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Blast at China Port Kills 2, Injures Dozens, Destroys Buildings


Debris is seen after an explosion in Ningbo City, in China's eastern Zhejiang province, in this image from a handout video obtained by Reuters, Nov. 26, 2017.

An explosion in a port city south of Shanghai on Sunday killed two people and injured at least 30 others as it knocked down buildings and left streets littered with damaged cars and debris, the government and news reports said.

The early morning explosion struck a riverfront neighborhood in Ningbo, one of China’s busiest ports, the official Xinhua News Agency and other outlets reported. Xinhua said it occurred at a factory, but a police statement said the cause was under investigation.

Two people were killed and two more seriously injured, the district office announced on its social media account. It gave no details of the deaths.

At least 30 others were taken to hospitals, according to Huanqiu.com, a website operated by the newspaper Global Times. It gave no details of their injuries.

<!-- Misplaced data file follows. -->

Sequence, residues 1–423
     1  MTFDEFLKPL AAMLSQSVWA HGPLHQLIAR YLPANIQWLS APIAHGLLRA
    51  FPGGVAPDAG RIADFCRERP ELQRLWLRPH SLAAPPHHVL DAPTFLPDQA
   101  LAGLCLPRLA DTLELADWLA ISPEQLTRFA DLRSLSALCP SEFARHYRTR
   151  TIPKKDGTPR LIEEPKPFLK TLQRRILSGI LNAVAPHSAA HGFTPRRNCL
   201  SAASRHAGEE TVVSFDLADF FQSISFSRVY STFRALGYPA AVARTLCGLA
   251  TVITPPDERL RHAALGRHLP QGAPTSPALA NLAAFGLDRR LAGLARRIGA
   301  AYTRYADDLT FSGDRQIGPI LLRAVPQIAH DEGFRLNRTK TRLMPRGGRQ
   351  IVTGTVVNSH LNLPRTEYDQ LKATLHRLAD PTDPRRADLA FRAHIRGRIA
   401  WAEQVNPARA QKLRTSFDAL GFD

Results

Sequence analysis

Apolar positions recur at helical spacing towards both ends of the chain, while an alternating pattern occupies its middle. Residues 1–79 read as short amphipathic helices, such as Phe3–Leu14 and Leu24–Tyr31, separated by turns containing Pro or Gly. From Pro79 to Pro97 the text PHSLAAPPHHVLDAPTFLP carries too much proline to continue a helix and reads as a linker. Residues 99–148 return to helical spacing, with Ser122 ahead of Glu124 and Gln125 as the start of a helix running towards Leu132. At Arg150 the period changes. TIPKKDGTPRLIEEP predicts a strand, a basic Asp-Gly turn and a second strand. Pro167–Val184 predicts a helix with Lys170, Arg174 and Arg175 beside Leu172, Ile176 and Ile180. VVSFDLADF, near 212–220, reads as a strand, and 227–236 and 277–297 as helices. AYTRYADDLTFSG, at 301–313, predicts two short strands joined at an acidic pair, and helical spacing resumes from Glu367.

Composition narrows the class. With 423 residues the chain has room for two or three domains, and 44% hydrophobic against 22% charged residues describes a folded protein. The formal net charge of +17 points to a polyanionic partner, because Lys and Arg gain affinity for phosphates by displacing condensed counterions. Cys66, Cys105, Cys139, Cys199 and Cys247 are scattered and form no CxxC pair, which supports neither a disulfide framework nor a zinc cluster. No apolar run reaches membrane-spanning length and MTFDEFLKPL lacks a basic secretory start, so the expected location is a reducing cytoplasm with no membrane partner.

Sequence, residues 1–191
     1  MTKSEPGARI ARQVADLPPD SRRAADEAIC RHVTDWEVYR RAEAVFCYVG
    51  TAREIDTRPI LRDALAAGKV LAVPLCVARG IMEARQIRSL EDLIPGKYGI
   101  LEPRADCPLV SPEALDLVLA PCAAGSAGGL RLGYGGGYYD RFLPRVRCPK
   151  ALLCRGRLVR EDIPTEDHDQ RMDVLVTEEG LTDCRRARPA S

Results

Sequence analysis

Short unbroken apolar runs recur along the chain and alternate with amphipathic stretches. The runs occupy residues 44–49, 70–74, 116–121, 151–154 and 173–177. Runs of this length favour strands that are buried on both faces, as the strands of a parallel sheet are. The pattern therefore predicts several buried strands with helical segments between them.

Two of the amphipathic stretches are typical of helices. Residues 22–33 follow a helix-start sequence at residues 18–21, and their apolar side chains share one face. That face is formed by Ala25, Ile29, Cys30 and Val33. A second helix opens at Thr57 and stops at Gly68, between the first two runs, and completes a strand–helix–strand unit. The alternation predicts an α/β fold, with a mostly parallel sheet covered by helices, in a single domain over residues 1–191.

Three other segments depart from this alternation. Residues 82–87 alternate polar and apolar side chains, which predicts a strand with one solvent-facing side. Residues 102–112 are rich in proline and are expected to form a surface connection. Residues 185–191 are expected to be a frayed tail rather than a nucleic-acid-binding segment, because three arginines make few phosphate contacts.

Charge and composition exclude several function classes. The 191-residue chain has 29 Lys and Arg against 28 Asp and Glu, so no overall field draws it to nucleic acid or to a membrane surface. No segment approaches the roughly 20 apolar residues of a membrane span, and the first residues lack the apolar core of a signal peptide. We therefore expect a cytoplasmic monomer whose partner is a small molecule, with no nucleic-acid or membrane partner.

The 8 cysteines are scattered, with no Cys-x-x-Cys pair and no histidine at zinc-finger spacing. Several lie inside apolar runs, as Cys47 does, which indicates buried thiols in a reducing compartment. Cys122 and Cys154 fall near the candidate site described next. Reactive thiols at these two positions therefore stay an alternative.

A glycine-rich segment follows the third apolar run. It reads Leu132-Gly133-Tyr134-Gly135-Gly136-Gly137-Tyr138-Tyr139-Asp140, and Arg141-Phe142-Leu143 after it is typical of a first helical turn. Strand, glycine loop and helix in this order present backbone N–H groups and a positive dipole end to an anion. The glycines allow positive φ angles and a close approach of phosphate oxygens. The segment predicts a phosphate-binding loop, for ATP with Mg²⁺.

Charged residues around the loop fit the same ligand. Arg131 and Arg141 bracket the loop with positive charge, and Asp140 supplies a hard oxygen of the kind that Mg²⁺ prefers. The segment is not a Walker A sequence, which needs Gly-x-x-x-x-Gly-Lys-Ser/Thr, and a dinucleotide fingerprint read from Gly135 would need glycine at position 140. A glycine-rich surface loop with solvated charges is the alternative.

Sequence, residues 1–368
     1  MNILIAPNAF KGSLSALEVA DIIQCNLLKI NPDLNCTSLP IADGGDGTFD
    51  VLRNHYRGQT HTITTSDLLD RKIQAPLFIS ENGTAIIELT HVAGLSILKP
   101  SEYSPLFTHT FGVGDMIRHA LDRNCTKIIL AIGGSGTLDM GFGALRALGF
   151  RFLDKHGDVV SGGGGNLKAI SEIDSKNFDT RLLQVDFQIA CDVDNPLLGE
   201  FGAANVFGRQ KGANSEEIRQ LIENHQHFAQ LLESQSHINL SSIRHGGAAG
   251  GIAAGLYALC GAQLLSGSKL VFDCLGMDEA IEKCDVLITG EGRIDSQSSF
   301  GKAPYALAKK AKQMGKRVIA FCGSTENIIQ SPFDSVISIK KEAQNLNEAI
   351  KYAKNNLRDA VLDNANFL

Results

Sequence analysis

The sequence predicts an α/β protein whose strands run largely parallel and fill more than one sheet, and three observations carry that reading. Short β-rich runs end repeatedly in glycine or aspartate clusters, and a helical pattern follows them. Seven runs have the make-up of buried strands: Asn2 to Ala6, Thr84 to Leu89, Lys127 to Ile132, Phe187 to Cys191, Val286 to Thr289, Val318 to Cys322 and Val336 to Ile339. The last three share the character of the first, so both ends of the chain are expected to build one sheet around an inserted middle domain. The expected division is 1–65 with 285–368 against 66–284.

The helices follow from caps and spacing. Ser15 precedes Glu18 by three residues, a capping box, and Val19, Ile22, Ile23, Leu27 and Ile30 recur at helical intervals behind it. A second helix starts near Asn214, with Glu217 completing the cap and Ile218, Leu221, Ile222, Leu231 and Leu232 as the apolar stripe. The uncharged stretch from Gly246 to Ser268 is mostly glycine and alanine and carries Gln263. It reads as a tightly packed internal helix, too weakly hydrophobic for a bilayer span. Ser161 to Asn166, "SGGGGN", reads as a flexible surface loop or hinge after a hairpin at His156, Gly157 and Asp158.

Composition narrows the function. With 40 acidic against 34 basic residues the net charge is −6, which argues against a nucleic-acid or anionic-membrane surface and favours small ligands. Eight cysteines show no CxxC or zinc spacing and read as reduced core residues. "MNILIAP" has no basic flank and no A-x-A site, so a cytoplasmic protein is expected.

History of fires, accidents

China has a long history of deadly fires and industrial accidents, often blamed on negligence. In 2015, a blast blamed on improperly stored chemicals killed at least 173 people in Tianjin, a port east of Beijing.

Authorities have launched repeated safety crackdowns, but the rapid evolution of industry and overhaul of urban neighborhoods lead companies to cut corners.

Sunday’s blast knocked down nearby residential buildings, but those were vacant and in the process of being demolished, Huanqiu.com said. It said there might have been people in the area collecting scrap for recycling.

Cause not yet known

Bystanders said the explosion might have been caused by a gas pipeline that was damaged during demolition work, but the Ningbo gas company said it had no lines in the area, the newspaper China Youth Daily reported on its website.

Photos on News.163.com showed an injured woman being carried away on a man’s back and what appeared to be the body of man lying in the debris of a wrecked building. A photo on news.ifeng.com showed a room in an industrial building with a floor-to-ceiling hole blown through an exterior wall.

Other photos showed apartments with windows blown out and glass littering the floors.

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